This fall, Wylliams/Henry Contemporary Dance Company restages its 2010 work “Southern Exposure” with the help of a $10,000 Art Works grant from the National Endowment for the Arts. “With all of these things that have happened in the past few years, many years, actually, I thought it was time to revisit it again, in a slightly different perspective,” said Mary Pat Henry, choreographer and WHCDC’s artistic director.
The multimedia dance theater work is a period piece, set in the American South during the 1960s. It tells the story of a young white girl and her Black friend, innocent, at first, to their environment’s violent societal forces.
The scenes trace Henry’s memories and experiences. Henry grew up in Charleston, South Carolina. “Integration started when I was in high school. I remember the theaters were segregated and the water fountains and the counters. All of that I go through in the story.”
“Some of them,” she said of her memories, “I couldn’t even put in.” Even though it is a hard story to tell, Henry has never steered away from works that explore social issues — and injustice. “I always wanted to do it for a very long time . . . but I was reluctant to do it. I was reluctant, because I was thinking, ‘Who are you to say this?’” she said.
“It took me a long time to figure out how I might do a piece like that. William Christenberry did an exhibit at the art gallery at UMKC, and all these events and memories came back.”
The exhibit, in 2000, was of Christenberry’s pivotal and controversial “Klan Tableaux Sculptures” from his “Klan Room” series, featuring photographs, paintings, sculptures and scenes with dolls dressed in KKK hoods. He started the project in 1963, amassing a large collection, but the work was mysteriously stolen from his studio in 1979. Over the decades, he reconstructed the work, which includes more than 400 objects.
Christenberry’s work confronted that legacy of hatred and provided the perfect palette for Henry’s story. She spoke with him, and he gave her permission to use his images as long as they were not altered.
The images are more than backdrop, though. Images of crumbling buildings, blurred around the edges with the veil of nostalgia, capture a way of life that was already, then, fading, decaying. The work also includes archival footage from the era, some of it the lush Southern landscape, some of it capturing the South’s inglorious past.
“Some people have told me,” Christenberry is often quoted, “that this subject is not the proper concern of an artist or of art. On the contrary, I hold the position that there are times when an artist must examine and reveal such strange and secret brutality.”
Christenberry died in 2016, but his work continues to instigate conversation, to measure our past and present. Some of his pieces are now part of the Belger Arts Center’s collection.
“Southern Exposure” also uses the music from the era, selected from UMKC’s Marr Sound Archives. With the assistance of curator Chuck Haddix, Henry pored over the music for weeks to find the right mix, including pop, gospel and instrumental tracks, as well as a spoken word recording by the Last Poets.
The work requires a large cast, with both Black and white dancers, as well as a narrator and actors: “to make it more real and not pure dance.” As the work developed, she talked with the dancers to ensure authenticity in emotion and detail.
The dancers “walked back through it with their experiences when we did it . . . I talked about what happened to me; they talked about what happened to them,” she said. “They were very verbal about what is real and what is genuine, and they wanted to share that because they knew it was important.”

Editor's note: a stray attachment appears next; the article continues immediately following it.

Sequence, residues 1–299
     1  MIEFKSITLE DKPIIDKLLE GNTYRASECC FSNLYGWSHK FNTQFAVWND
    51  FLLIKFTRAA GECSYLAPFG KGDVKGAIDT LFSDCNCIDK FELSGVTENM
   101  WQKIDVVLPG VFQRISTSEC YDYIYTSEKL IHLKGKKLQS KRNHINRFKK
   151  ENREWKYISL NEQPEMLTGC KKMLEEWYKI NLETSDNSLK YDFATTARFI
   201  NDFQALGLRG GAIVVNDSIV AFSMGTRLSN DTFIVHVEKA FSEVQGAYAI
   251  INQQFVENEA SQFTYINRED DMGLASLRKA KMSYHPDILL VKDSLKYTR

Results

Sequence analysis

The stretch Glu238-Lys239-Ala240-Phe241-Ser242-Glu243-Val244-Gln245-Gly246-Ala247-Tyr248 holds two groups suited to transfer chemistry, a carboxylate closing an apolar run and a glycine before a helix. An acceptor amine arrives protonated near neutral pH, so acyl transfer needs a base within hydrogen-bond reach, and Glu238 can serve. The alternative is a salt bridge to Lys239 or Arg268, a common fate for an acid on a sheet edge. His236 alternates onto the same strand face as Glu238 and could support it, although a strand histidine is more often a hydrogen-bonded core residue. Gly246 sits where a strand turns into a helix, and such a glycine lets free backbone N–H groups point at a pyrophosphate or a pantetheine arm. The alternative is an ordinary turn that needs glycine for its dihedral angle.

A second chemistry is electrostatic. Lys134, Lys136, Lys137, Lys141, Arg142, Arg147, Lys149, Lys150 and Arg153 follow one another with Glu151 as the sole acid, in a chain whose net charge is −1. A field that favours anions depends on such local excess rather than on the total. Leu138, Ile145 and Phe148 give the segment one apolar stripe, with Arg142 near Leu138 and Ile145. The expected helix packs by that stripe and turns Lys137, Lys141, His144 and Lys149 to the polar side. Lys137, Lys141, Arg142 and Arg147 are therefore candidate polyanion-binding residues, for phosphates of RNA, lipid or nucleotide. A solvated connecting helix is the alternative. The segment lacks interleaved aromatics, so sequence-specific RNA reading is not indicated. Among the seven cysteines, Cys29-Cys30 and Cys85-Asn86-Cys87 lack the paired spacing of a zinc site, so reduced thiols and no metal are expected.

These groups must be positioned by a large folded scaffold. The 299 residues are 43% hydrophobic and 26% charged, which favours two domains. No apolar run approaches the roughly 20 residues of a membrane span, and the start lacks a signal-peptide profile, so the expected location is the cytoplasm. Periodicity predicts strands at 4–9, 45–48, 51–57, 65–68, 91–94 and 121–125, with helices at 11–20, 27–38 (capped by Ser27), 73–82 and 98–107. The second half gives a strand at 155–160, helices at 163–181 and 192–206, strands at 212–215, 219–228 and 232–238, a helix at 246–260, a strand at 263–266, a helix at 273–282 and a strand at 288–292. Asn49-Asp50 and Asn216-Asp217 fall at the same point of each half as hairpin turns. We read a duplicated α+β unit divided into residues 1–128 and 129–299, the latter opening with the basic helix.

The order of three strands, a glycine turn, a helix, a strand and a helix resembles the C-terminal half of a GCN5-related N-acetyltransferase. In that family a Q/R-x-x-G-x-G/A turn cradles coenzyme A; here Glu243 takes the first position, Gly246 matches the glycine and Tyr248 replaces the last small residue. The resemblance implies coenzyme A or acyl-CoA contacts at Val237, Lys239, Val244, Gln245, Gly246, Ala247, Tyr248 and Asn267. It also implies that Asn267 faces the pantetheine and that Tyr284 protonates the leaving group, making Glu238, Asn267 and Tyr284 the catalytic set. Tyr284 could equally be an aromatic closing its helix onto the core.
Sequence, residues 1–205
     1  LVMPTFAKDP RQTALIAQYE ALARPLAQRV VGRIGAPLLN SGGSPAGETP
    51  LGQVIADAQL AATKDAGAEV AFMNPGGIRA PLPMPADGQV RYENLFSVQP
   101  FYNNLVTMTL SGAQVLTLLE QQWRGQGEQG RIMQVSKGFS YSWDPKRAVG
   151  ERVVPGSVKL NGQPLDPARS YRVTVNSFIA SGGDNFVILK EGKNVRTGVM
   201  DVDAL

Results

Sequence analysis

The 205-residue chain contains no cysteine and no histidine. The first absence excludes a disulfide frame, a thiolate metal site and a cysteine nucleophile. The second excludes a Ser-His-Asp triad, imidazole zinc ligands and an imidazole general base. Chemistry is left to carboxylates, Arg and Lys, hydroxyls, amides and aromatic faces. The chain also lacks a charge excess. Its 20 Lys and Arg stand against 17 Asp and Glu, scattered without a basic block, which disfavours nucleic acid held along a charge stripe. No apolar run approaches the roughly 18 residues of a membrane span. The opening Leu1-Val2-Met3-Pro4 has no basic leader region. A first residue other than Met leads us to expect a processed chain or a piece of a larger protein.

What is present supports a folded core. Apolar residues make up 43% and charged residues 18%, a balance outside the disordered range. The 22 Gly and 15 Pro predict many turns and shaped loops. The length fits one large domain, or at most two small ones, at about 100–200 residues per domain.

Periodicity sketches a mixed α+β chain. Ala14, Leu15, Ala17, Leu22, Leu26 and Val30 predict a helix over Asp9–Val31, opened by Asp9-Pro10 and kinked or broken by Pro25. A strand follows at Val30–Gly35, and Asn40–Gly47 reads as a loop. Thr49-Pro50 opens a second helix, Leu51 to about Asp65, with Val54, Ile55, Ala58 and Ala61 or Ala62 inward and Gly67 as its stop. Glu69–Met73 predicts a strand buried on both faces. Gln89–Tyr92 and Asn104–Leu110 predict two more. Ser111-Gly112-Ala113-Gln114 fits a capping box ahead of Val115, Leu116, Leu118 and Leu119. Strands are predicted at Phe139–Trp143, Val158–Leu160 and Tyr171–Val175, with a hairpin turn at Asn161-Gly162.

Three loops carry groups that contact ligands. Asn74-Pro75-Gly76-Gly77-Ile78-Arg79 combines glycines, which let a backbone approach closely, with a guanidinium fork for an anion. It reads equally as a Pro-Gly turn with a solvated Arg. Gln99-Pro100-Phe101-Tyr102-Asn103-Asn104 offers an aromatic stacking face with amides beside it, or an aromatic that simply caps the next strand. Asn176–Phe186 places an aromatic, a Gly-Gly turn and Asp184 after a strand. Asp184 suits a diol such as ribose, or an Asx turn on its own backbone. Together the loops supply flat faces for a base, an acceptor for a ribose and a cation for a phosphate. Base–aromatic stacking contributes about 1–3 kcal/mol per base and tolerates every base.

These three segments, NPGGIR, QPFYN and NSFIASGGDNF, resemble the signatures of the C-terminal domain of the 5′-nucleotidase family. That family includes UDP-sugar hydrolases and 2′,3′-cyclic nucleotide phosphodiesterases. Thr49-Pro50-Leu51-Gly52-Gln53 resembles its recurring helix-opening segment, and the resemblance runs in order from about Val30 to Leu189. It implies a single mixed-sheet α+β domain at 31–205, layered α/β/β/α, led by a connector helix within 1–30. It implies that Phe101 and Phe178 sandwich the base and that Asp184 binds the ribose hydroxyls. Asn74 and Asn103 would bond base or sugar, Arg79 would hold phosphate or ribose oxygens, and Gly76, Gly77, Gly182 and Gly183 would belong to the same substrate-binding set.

“They got emotional, too. We were all crying in the end. It’s powerful, because it’s still relevant to what’s happening now.”
What was happening in 2010 is amplified in 2019. We were told, then, that we lived in a post-racial society only to learn, now, that the heritage of racism infiltrates at every level, insidious and violent.
As Henry finalized the logistics of the performance, she also considered how to incorporate recent events into the period piece.
This summer, she traveled back to Charleston to talk with people in that community, in light of the 2015 tragedy at the Emanuel AME Church, a place she walked past many times as a little girl. Blending modern elements into the period piece can be challenging, but for Henry, it is a way to reinforce the message that the stains of our past are still present and need to be remembered and addressed.
There are practical changes, too, though she is working with the original technical designer, E.J. Reinagel. The work was originally staged in UMKC’s Spencer Theatre, but scheduling constraints required the production to move to the neighboring White Recital Hall, which doesn’t have a fly system, so there are technical issues to consider and work out.
Henry has expanded the piece to an hour, and it will be the concert’s entire second half. The first half features two pure dance pieces, choreographed by Christian Denice and Frank Chaves, as well as Christopher Huggins’ award-winning, adrenaline-fueled “Enemy Behind the Gates,” presented in partnership with the UMKC Conservatory Dance Department. Henry was chair of the dance department for many years and maintains close ties as professor emerita. WHCDC is artists-in-residence with the Conservatory.
WHCDC will also extend the discussion into the community. Last time, they brought the performance to the students at the Paseo Academy, hosting master classes, and Henry intends to create similar opportunities with this restaged version and continue those conversations.
“Art can reflect what’s going on in society,” said Henry, echoing Christenberry’s statement. She hopes these conversations and performances encourage people to realize that there has to be a coming together for our society to heal and progress.